MV Lady Denman facts for kids
As a steamer, 1920s
|Operator:||Balmain New Ferry Company, Sydney Ferries Ltd, Sydney Harbour Transport Board, Public Transport Commission|
|Builder:||Joseph Dent, Huskisson|
|Launched:||5 December 1911|
|Out of service:||1979|
|Fate:||donated for preservation|
Quick facts for kidsGeneral characteristics
|Propulsion:||38 hp compound steam, diesel (from 1936)|
|Speed:||11 knots as built, 9 knots as diesel|
Lady Denman is a former Sydney Harbour ferry built in 1912 for the Balmain New Ferry Company. She was later run by Sydney Ferries Limited and its government successors. She is now preserved at the Jervis Bay Maritime Museum near her original build site in Huskisson, New South Wales, Australia.
She and four similar ferries, Lady Chelmsford (1910), Lady Edeline (1913), Lady Ferguson (1914), and Lady Scott (1914), were a new series of "Lady-class", designed by renowned naval architect, Walter Reeks. The five survived the 1932 opening of the Sydney Harbour Bridge and were all converted to diesel power that decade. They also survived the 1951 NSW State Government takeover of the ailing ferry fleet. Lady Denman was removed from ferry service in 1979 and donated for preservation. She is the last extant double-ended timber ferry, a type that was once prolific on Sydney Harbour.
Continuing a Balmain Ferry Co convention of naming their ferries after the wives of Governors-General of Australia and Governors of NSW, Lady Denman was named after Gertrude Denman, wife of fifth Governor-General of Australia. This naming nomenclature was again used by the State Government harbour ferry operator with the introduction of 6 new "Lady-class ferries" in the 1960s and 1970s.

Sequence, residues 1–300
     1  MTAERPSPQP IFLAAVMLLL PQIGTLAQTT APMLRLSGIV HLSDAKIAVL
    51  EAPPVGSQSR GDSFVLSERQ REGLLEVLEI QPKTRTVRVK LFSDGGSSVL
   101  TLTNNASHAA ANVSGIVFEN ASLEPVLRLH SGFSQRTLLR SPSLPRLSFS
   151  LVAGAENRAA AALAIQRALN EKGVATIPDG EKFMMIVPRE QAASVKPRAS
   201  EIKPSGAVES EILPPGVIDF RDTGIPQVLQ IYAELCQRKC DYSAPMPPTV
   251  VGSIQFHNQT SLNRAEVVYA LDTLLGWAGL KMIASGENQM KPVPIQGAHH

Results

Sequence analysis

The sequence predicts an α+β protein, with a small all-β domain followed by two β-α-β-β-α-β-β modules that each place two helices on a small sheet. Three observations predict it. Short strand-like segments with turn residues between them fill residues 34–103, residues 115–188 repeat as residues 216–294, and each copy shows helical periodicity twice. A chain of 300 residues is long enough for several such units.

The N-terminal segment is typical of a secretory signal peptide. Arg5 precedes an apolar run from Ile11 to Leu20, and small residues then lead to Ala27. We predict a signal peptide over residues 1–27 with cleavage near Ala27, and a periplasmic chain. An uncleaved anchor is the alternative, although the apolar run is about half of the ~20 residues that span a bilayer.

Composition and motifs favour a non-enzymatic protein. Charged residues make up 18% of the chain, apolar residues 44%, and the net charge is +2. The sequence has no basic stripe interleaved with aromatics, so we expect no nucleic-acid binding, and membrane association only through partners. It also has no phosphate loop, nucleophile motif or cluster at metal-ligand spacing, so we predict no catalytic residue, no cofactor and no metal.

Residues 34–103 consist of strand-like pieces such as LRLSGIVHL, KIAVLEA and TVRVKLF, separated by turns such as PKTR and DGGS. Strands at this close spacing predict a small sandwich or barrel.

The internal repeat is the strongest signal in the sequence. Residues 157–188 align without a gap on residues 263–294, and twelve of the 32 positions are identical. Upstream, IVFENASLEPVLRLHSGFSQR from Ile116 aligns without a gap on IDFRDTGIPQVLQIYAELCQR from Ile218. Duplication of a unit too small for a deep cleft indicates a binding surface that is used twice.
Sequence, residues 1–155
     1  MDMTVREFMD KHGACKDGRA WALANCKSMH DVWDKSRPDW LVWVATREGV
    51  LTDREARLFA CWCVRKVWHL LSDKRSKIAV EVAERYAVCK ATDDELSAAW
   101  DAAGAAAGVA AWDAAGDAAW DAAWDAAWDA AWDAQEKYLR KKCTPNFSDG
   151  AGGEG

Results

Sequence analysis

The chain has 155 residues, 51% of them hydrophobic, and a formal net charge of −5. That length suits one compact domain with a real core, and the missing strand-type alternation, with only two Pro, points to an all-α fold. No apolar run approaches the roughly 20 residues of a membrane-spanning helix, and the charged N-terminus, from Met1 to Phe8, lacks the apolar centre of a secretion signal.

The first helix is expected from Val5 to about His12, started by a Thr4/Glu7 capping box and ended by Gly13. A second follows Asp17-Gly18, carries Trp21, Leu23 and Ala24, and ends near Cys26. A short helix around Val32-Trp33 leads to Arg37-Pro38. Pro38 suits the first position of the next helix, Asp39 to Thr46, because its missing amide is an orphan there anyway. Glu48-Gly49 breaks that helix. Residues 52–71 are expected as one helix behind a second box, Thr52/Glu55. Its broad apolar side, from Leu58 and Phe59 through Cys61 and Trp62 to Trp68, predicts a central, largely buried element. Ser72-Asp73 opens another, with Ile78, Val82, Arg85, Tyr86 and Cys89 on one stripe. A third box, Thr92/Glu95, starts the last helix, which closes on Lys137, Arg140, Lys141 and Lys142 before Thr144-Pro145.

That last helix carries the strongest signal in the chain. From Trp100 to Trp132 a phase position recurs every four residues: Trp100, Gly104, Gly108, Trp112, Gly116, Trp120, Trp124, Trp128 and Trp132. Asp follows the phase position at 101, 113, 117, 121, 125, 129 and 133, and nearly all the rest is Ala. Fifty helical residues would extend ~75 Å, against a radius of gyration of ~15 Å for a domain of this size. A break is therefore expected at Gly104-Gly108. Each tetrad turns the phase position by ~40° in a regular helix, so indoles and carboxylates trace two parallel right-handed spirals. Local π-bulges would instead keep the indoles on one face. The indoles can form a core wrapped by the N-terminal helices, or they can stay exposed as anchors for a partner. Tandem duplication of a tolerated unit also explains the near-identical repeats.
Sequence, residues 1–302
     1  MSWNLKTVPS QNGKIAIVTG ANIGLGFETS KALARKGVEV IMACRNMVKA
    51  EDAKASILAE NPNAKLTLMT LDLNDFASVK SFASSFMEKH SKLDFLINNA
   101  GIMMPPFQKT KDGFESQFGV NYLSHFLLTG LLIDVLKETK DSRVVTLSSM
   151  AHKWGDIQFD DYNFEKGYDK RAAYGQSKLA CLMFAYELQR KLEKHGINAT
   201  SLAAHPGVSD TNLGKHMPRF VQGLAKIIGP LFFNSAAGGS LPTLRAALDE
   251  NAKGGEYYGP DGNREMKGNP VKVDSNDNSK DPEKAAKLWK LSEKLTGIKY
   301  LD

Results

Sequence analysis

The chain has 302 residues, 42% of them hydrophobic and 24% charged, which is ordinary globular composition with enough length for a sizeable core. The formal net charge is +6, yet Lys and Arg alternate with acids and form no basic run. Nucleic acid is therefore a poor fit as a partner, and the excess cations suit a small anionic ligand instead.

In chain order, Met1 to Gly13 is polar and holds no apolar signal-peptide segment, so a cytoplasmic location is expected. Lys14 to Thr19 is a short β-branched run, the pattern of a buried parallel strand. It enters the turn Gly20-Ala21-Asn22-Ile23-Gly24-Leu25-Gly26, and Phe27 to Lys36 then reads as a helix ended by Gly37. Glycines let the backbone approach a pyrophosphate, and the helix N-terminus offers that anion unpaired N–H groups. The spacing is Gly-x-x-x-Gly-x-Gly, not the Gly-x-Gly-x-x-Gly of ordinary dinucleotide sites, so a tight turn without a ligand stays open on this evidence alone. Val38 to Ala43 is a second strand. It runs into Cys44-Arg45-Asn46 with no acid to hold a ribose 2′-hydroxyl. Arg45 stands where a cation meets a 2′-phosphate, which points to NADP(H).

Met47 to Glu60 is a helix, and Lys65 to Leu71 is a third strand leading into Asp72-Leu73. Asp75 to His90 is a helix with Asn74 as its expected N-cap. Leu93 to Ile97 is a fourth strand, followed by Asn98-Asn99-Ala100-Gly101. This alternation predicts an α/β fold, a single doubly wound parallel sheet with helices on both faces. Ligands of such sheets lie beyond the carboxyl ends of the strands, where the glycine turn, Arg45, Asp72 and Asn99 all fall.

Design and construction
In common with most Sydney Harbour ferries at the time, Lady Denman and her four sisters were wooden double-ended screw steamers. The five ferries had only a single propeller at one end that pushed the vessels in one direction and pulled them in the other. This feature was introduced by the ferry's designer, Walter Reeks, on a previous Balmain company ferry, Lady Rawson of 1906. The configuration contrasted with the double-ended vessels of Sydney Ferries Limited (the K-class ferries) which had a continuous propeller shaft and a screw at each end. A single propeller and one shaft simplified the internal arrangements and put less stress on the timber hulls compared to shafts running a propeller at either end. Apart from some unusual handling characteristics, the single-propeller configuration was a success and Reeks unsuccessfully tried to patent it.
The hulls of Lady Denman, and one other of the five sisters, Lady Scott (1914), were built by Joseph Dent Limited on the banks of Currambene Creek at Huskisson from local timber milled at the Dent sawmill. Her keel was cut from 96 foot spotted gum, carted by two bullock teams. The hull was launched on 5 December 1911, then floated to Sydney carrying a load of timber doubling as ballast and a commercial product. Machinery installation and upperworks were completed in Sydney possibly by Morrison and Sinclair.
Lady Denman is 33.6m long, 7.6m wide (110.4 x 25.0 x 9.0 feet), displacing 96 gross tons. She has two passenger decks with two wheelhouses on her promenade deck, and the engine room in hull. She was fitted with lavatories & wooden batten seats. The main deck originally featured a woman's saloon. Spotted gum used extensively in its construction. With construction of a Sydney Harbour Bridge seeming likely, she and her four sisters were designed for a maximum of fifteen years of life. Instead, she would go on operating on the harbour until 1979. Because she was only to have a limited life-span, she was lightly built and almost austere in her fittings, such as her roof of galvanised iron. They were relatively small and had a veed shape and shallow draft to navigate the muddy and silted upper reaches of their upstream runs. Lady Chelmsford (1910) was built by Brisbane Water shipbuilder Rock Davis, Lady Edeline (1913) by G A Washington of Annandale and Lady Ferguson (1914) was built by David Drake Limited of Balmain.